Forum for Science, Industry and Business

Sponsored by:     3M 
Search our Site:

 

Vitamin K2: New hope for Parkinson's patients?

14.05.2012
Neuroscientist Patrik Verstreken, associated with VIB and KU Leuven, succeeded in undoing the effect of one of the genetic defects that leads to Parkinson's using vitamin K2. His discovery gives hope to Parkinson's patients.
This research was done in collaboration with colleagues from Northern Illinois University (US) and will be published this evening on the website of the authorative journal Science.

"It appears from our research that administering vitamin K2 could possibly help patients with Parkinson's. However, more work needs to be done to understand this better," says Patrik Verstreken.

Malfunctioning power plants are at the basis of Parkinson's.
If we looked at cells as small factories, then mitochondria would be the power plants responsible for supplying the energy for their operation. They generate this energy by transporting electrons. In Parkinson's patients, the activity of mitochondria and the transport of electrons have been disrupted, resulting in the mitochondria no longer producing sufficient energy for the cell. This has major consequences as the cells in certain parts of the brain will start dying off, disrupting communication between neurons. The results are the typical symptoms of Parkinson's: lack of movement (akinesia), tremors and muscle stiffness.

The exact cause of this neurodegenerative disease is not known. In recent years, however, scientists have been able to describe several genetic defects (mutations) found in Parkinson's patients, including the so-called PINK1 and Parkin mutations, which both lead to reduced mitochondrial activity. By studying these mutations, scientists hope to unravel the mechanisms underlying the disease process.

Paralyzed fruit flies
Fruit flies (Drosophila) are frequently used in lab experiments because of their short life spans and breeding cycles, among other things. Within two weeks of her emergence, every female is able to produce hundreds of offspring. By genetically modifying fruitflies, scientists can study the function of certain genes and proteins. Patrik Verstreken and his team used fruitflies with a genetic defect in PINK1 or Parkin that is similar to the one associated with Parkinson's. They found that the flies with a PINK1 or Parkin mutation lost their ability to fly.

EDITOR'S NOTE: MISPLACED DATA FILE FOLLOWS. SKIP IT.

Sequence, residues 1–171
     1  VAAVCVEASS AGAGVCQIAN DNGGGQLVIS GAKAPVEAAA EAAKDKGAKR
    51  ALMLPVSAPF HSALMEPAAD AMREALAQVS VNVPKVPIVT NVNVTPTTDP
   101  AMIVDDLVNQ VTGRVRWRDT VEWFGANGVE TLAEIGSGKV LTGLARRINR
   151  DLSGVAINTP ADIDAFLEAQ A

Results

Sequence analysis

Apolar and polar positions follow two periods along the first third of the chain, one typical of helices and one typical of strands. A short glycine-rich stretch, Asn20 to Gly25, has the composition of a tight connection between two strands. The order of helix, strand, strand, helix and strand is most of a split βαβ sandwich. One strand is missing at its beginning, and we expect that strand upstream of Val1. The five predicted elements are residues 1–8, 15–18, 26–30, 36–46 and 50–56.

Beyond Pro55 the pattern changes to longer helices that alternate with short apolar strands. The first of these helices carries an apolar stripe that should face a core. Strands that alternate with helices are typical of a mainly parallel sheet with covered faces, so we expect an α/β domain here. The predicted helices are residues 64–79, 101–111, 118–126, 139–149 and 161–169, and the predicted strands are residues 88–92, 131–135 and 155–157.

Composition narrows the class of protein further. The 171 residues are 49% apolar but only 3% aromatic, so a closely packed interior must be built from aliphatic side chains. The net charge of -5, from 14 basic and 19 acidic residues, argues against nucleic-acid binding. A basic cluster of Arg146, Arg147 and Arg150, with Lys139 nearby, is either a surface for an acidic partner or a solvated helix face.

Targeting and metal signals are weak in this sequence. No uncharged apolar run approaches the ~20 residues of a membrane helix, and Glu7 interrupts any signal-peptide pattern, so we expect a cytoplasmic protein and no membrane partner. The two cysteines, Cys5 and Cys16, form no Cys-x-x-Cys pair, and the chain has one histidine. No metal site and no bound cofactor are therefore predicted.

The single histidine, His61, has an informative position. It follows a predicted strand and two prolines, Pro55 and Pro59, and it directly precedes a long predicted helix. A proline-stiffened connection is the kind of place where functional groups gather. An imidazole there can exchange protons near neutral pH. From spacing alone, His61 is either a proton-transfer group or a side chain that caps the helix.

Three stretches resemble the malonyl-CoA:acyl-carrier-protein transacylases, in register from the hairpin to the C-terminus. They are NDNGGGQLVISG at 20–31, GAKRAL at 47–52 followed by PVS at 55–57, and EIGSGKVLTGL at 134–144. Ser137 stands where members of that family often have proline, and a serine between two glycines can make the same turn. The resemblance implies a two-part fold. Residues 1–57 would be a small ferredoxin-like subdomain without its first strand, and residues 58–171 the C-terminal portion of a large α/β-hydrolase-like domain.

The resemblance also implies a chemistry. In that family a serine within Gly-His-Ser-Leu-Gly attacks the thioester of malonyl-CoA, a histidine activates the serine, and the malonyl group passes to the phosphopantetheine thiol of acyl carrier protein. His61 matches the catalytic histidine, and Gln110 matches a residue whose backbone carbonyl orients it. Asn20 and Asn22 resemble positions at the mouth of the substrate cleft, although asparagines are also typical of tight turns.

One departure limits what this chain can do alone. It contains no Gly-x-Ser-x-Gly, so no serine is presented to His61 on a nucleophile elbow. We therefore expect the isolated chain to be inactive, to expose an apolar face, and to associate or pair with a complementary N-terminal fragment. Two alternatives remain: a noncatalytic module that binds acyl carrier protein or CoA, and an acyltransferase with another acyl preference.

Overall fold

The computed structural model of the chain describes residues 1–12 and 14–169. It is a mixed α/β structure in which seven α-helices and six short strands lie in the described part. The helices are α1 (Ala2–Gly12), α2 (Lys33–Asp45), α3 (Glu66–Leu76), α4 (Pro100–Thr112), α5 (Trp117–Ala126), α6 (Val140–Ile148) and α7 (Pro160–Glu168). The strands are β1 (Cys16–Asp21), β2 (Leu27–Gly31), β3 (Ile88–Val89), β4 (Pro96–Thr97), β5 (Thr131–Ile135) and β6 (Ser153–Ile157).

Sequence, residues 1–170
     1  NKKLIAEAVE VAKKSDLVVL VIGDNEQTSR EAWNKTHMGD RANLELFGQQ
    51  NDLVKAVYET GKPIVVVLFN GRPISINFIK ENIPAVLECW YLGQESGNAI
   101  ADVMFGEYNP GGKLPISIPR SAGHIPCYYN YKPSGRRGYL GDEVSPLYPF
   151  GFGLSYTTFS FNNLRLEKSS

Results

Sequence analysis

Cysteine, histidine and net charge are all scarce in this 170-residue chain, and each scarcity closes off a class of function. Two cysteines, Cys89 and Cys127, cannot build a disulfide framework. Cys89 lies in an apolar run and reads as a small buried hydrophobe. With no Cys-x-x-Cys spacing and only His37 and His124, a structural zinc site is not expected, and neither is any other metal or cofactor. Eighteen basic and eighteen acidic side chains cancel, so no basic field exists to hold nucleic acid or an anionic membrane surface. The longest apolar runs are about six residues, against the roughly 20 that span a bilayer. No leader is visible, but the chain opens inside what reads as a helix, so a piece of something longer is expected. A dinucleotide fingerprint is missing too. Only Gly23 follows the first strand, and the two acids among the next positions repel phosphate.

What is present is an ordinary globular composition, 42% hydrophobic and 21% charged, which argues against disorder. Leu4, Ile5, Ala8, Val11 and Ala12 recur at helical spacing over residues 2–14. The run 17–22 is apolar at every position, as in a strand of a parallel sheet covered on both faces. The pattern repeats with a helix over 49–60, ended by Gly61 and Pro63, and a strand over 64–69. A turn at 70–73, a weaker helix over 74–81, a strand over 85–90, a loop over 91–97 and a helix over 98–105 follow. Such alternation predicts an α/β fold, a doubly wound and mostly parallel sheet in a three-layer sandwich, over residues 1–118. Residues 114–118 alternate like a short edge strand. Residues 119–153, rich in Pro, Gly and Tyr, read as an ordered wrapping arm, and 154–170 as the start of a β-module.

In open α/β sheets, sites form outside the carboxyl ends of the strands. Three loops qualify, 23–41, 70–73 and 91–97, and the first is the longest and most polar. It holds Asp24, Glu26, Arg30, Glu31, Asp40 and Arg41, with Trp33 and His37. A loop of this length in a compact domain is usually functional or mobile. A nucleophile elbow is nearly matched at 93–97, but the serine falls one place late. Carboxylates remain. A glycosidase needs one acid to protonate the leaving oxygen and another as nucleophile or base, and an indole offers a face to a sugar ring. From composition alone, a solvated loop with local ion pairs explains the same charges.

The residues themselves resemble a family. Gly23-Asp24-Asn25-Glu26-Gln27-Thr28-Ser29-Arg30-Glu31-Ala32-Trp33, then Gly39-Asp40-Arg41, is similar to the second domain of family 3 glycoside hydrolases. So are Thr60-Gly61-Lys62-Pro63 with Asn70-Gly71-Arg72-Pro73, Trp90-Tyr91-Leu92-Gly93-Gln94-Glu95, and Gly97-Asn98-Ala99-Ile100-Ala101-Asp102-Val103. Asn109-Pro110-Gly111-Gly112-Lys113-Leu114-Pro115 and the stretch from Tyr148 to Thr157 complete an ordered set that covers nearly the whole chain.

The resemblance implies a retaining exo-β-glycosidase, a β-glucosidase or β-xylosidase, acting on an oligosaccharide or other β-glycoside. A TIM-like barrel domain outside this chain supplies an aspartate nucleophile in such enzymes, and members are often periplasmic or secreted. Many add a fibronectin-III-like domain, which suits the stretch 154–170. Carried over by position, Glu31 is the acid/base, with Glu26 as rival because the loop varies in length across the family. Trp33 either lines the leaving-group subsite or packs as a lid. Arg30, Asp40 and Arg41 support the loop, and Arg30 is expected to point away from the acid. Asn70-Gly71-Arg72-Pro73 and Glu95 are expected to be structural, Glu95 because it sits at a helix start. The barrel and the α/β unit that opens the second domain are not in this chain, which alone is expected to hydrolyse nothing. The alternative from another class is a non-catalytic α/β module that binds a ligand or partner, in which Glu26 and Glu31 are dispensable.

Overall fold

Upon closer examination, they discovered that the mitochondria in these flies were defective, just as in Parkinson's patients. Because of this they generated less intracellular energy – energy the insects needed to fly. When the flies were given vitamin K2, the energy production in their mitochondria was restored and the insects' ability to fly improved. The researchers were also able to determine that the energy production was restored because the vitamin K2 had improved electron transport in the mitochondria. This in turn led to improved energy production.

Conclusion
Vitamin K2 plays a role in the energy production of defective mitochondria. Because defective mitochondria are also found in Parkinson's patients with a PINK1 or Parkin mutation, vitamin K2 potentially offers hope for a new treatment for Parkinson's.

Patrik Verstreken | EurekAlert!
Further information:
http://www.vib.be

More articles from Health and Medicine:

nachricht Diabetes mellitus: A risk factor for early colorectal cancer
27.05.2020 | Nationales Centrum für Tumorerkrankungen (NCT) Heidelberg

nachricht Ultra-thin fibres designed to protect nerves after brain surgery
27.05.2020 | Martin-Luther-Universität Halle-Wittenberg

All articles from Health and Medicine >>>

The most recent press releases about innovation >>>

Die letzten 5 Focus-News des innovations-reports im Überblick:

Im Focus: Biotechnology: Triggered by light, a novel way to switch on an enzyme